The moment when a character “breaks” – usually on the witness stand, where you tie them in so many knots that they finally, finally give up – is so pivotal to the Ace Attorney series that each one has a totally unique, memorable animation. And while some cases are straightforward – especially the first case of each game, which are usually as gentle as murder trials can be – many of Ace Attorney’s plots involve undermining at least one of the things you think you know.
People come back from the dead. Lawyers are secretly murderers. The mild-mannered chap that you’d never suspect turns out to be the one who dunnit. And characters you thought you’d never see again return with alarming frequency, often to reveal that they’re someone’s mum (seriously, that happens a lot).
Of course, it makes sense for a murder mystery game to be more packed with twists than a bag of fusilli, but still – the point of a twist is that you never see it coming. Game of Thrones was praised for that bit where they killed Ned, and set up the next few seasons perfectly in the process: killing the guy who seemed like the main character is such a very cool way to show the audience that absolutely nothing is sacred. Don’t go getting attached to anyone!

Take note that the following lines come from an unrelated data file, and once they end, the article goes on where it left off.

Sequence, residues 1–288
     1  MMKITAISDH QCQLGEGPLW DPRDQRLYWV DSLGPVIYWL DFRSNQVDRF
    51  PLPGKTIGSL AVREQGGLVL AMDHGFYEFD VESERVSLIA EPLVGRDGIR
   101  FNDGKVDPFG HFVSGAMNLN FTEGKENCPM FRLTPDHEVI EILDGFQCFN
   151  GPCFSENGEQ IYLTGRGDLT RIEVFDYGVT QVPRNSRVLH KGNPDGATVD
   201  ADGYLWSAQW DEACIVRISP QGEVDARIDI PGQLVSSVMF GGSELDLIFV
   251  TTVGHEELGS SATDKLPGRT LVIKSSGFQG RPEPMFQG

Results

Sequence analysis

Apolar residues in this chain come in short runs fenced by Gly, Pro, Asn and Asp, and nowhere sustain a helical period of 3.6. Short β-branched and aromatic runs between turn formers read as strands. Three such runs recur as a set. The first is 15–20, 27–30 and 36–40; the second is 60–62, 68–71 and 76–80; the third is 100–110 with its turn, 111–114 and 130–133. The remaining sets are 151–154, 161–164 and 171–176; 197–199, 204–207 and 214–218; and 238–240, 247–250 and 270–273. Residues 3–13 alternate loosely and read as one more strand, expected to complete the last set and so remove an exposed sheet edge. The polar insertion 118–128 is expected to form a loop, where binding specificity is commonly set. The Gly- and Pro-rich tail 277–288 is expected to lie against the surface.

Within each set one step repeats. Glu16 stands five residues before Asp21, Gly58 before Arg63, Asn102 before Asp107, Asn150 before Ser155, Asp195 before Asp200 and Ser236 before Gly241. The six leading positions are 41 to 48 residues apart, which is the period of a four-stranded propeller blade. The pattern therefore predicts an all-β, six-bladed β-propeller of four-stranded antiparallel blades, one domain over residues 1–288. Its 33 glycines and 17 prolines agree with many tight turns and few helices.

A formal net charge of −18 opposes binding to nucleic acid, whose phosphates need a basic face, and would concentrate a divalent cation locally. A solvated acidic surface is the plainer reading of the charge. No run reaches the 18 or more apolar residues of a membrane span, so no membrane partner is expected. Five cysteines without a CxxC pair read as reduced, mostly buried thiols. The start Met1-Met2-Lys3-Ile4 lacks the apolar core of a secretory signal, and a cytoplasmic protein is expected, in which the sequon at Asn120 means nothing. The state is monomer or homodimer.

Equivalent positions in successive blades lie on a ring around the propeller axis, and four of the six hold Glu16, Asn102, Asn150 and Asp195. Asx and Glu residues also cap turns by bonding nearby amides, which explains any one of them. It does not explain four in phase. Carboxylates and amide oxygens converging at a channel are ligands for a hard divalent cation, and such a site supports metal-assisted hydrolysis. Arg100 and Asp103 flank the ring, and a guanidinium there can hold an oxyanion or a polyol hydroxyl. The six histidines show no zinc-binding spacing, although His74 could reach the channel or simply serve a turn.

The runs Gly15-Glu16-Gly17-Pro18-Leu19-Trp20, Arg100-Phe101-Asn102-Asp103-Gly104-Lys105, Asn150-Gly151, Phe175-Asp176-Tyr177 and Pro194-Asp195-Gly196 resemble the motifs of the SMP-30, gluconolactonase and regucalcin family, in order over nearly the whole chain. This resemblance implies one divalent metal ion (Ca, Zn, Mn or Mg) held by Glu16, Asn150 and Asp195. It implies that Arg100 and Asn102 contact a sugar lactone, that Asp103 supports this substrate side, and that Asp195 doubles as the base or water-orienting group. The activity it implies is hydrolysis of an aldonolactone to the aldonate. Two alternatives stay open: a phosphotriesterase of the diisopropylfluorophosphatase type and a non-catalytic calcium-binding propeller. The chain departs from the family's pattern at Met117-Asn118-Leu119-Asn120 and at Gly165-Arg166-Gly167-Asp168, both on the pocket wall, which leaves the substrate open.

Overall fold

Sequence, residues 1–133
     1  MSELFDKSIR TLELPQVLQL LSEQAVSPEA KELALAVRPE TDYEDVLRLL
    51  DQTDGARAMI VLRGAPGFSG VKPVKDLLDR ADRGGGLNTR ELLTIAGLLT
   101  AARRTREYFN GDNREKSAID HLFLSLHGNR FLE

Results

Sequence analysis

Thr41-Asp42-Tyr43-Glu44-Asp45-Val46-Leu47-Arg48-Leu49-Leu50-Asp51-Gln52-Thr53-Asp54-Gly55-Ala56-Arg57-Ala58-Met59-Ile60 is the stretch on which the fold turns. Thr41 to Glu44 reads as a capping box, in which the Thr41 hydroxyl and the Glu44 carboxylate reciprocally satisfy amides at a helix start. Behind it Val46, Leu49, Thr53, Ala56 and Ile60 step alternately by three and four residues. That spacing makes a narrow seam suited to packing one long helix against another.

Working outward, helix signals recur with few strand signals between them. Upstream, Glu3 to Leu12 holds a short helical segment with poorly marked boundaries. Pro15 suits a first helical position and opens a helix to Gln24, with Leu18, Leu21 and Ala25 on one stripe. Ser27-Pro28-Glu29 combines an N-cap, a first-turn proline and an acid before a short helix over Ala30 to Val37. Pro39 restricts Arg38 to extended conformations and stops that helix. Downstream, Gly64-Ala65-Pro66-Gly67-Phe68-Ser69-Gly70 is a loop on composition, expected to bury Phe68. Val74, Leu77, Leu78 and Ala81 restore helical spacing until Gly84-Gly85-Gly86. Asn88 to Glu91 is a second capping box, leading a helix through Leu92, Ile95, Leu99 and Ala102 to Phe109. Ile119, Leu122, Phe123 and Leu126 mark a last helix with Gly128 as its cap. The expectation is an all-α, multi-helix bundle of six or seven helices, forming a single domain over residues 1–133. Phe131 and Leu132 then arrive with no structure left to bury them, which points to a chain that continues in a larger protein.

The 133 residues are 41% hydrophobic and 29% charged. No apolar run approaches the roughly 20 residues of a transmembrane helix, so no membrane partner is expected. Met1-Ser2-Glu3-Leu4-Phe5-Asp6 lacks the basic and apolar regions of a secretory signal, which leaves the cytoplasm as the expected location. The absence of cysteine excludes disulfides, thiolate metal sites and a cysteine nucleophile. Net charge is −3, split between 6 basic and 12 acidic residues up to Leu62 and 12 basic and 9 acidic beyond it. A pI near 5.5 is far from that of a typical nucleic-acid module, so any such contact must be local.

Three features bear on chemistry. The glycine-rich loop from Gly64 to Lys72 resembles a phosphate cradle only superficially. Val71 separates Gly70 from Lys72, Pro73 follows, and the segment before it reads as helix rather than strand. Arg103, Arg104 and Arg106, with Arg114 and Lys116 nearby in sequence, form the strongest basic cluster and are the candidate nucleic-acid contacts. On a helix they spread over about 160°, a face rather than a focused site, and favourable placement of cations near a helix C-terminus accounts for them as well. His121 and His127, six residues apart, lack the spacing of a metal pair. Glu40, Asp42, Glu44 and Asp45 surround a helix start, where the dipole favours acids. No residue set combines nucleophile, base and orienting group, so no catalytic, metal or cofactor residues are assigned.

I do want to address the elephant in the room – well, it’s quite a small elephant, since some of you probably weren’t thinking this, so it’s more of a… llama in the room. Mia’s death does fall into the trope of “fridging”, a reference to “Women In Refrigerators“, a term coined by writer Gail Simone in 1999. The trope is a general name for the often-seen practice of women being killed (or kidnapped, or abused, etc. etc. etc.) to further the story or abilities of the male protagonist, reducing a female character to little more than a plot device.
Fridging isn’t great representation for women in media, and it’s so prevalent in video games that it has its own page on TVTropes – but Mia doesn’t stay in the fridge, making her a little different. Again, it’s really creepy that the artists drew her ample bosom in the outfit/body of an actual child, but she stays as strong, powerful, and utterly unfazed by her own murder as she ever was. She’s a better lawyer than Phoenix by far, which is made evident by the way he looks to her for help in almost every case in the trilogy. She gets her revenge on everyone who’s ever hurt her, or her family. She’s an absolute boss.
Mia’s death was the start of Phoenix Wright’s journey, and it’s a shame they killed her off so quickly, but her triumphant (and speedy) return as Ghost Advisor makes it clear that she was just too good to let go. If only Game of Thrones had brought back Ned Stark as a ghost… well, none of the plot would have happened, but still, it would have been pretty cool.
I look forward to every new Ace Attorney game (though it’s been a while since the last one) because I know it’s going to set me up and then knock me over. I absolutely love it. No objections here.